Kremlin foe Navalny was moved from a prison east of Moscow, his allies say, but new site is unclear

TALLINN, Estonia (AP) — Allies of imprisoned opposition leader Alexei Navalny said his lawyer was told in court on Friday that he had been moved from the penal colony east of Moscow where he has been serving time but was not told where he was taken.

The disclosure that Navalny was moved out of Penal Colony No. 6, in the town of Melekhovo in the Vladimir region, came at a hearing on a lawsuit he had filed against officials at the maximum security facility. The hearing was adjourned after that.

The whereabouts of Navalny, 47, have been unknown since his lawyers lost touch with him after Dec. 6.

Navalny spokeswoman Kira Yarmysh said the politician’s lawyer was told in court that the politician “left the Vladimir region” on Monday.

“Where exactly (he was moved to) — unclear,” she wrote on X, formerly called Twitter.

The independent news outlet Sota reported that a document from the Vladimir branch of the State Penitentiary Service was read at the hearing, stating that Navalny left the penal colony “for a correctional facility located outside the Vladimir region” and further information will be provided once he arrives at the destination. No details about the destination were given.

Yarmysh confirmed the accuracy of the report to The Associated Press.

Navalny has been serving a 19-year term on charges of extremism at Penal Colony No. 6, about 230 kilometers (140 miles) east of Moscow. He was due to be transferred to a “special security” penal colony, a facility with the highest security level in the Russian penitentiary system.

Russian prison transfers are notorious for taking a long time, sometimes weeks, during which there’s no access to prisoners, with information about their whereabouts limited or unavailable. Navalny could be transferred to any of a number of such penal colonies across Russia.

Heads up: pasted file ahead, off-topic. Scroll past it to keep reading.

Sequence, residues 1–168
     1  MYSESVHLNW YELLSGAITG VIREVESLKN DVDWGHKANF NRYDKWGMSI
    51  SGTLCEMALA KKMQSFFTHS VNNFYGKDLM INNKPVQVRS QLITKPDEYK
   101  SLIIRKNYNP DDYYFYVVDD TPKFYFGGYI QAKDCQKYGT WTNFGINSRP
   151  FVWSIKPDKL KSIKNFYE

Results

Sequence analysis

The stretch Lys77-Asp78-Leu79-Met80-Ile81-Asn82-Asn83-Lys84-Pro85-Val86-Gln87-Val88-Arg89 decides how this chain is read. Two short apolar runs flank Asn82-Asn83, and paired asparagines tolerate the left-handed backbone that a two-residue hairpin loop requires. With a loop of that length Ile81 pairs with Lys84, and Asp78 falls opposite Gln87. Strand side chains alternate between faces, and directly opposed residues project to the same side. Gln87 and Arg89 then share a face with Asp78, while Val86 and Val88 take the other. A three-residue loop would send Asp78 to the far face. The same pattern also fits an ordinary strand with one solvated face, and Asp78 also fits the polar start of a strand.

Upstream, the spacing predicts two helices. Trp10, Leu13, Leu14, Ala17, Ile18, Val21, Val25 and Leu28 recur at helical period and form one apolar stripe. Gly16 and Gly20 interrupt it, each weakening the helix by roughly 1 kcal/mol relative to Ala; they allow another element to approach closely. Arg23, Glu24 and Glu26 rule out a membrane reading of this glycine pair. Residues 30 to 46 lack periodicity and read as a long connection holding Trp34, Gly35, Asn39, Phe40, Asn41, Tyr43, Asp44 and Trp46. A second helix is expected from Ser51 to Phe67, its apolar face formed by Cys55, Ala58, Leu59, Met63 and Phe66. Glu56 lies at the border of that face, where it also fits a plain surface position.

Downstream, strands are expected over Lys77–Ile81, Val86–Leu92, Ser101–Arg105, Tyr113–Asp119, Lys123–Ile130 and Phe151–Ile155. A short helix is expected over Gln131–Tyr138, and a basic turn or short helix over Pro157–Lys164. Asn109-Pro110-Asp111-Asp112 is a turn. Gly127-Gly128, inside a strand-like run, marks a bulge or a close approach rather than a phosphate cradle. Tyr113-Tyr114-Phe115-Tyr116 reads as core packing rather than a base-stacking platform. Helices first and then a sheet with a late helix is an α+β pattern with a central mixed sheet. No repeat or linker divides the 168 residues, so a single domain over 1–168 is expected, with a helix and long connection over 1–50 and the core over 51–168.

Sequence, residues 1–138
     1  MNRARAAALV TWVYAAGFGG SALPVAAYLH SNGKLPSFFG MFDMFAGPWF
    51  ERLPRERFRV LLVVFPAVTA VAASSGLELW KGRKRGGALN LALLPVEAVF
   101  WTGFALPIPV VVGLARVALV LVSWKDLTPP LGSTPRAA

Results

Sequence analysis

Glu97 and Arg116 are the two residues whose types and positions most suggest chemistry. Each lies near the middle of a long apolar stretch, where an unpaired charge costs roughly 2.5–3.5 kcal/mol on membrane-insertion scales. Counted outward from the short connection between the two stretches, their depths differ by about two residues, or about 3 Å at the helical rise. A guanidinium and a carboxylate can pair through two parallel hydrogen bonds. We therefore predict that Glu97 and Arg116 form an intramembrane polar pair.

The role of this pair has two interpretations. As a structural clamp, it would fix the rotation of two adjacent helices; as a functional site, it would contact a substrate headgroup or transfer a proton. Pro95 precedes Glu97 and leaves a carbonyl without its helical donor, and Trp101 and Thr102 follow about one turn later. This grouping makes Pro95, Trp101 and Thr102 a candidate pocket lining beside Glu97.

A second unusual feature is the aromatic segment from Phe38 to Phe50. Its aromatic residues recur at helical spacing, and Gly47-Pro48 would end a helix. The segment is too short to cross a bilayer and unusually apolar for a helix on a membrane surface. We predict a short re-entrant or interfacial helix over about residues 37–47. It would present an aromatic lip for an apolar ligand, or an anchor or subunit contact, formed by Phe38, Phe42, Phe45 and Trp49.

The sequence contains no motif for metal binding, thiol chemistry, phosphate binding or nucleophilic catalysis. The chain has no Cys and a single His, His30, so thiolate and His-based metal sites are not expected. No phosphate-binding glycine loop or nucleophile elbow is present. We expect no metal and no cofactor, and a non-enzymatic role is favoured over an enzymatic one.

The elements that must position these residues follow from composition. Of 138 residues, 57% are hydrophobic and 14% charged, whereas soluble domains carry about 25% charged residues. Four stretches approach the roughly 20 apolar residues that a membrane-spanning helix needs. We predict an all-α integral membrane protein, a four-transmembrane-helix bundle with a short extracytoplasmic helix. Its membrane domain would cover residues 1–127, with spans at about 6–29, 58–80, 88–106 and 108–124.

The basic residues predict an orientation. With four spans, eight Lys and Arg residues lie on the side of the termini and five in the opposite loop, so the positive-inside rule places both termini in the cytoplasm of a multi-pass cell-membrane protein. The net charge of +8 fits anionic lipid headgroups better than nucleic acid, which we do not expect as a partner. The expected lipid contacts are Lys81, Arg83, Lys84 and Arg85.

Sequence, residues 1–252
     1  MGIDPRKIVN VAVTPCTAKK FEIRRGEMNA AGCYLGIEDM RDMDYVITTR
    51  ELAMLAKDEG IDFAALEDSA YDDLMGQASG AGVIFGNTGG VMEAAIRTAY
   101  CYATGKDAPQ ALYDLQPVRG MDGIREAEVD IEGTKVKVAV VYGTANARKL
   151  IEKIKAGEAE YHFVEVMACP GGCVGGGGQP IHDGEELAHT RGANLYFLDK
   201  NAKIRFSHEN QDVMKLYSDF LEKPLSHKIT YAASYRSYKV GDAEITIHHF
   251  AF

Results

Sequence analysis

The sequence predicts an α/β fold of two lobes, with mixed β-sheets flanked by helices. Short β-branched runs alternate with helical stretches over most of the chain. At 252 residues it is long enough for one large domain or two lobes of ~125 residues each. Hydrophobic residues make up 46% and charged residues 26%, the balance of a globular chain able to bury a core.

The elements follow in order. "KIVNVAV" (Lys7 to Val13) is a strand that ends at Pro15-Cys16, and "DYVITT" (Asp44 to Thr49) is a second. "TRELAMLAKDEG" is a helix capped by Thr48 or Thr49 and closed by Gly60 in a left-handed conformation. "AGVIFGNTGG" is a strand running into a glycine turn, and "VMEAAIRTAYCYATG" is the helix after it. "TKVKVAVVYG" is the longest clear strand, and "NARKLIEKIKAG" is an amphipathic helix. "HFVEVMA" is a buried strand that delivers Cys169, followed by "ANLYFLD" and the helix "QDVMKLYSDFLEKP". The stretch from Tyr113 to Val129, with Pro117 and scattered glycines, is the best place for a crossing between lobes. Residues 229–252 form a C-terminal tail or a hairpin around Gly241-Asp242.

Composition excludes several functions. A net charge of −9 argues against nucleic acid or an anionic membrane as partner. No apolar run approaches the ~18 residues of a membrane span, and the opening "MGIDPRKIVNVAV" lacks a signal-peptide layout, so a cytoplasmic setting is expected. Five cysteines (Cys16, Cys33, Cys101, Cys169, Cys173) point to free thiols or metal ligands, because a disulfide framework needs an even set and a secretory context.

Navalny has been behind bars since January 2021. As President Vladimir Putin’s fiercest foe, he campaigned against official corruption and organized major anti-Kremlin protests. His arrest came as he returned to Moscow from Germany, where he recuperated from nerve agent poisoning that he blamed on the Kremlin.

Navalny has since been given three prison terms and spent months in isolation in Penal Colony No. 6 for alleged minor infractions. He has rejected all charges against him as politically motivated.

Navalny’s allies sounded the alarm last week, saying his lawyers were not let into the penal colony to see him, that letters to him were not being delivered, and that he was not appearing at scheduled court hearings via video link.

Yarmysh said Dec. 8 that those developments caused concern, given that Navalny recently fell ill and apparently fainted “out of hunger.” She said he is being “deprived of food, kept in a cell without ventilation and has been offered minimal outdoor time.”

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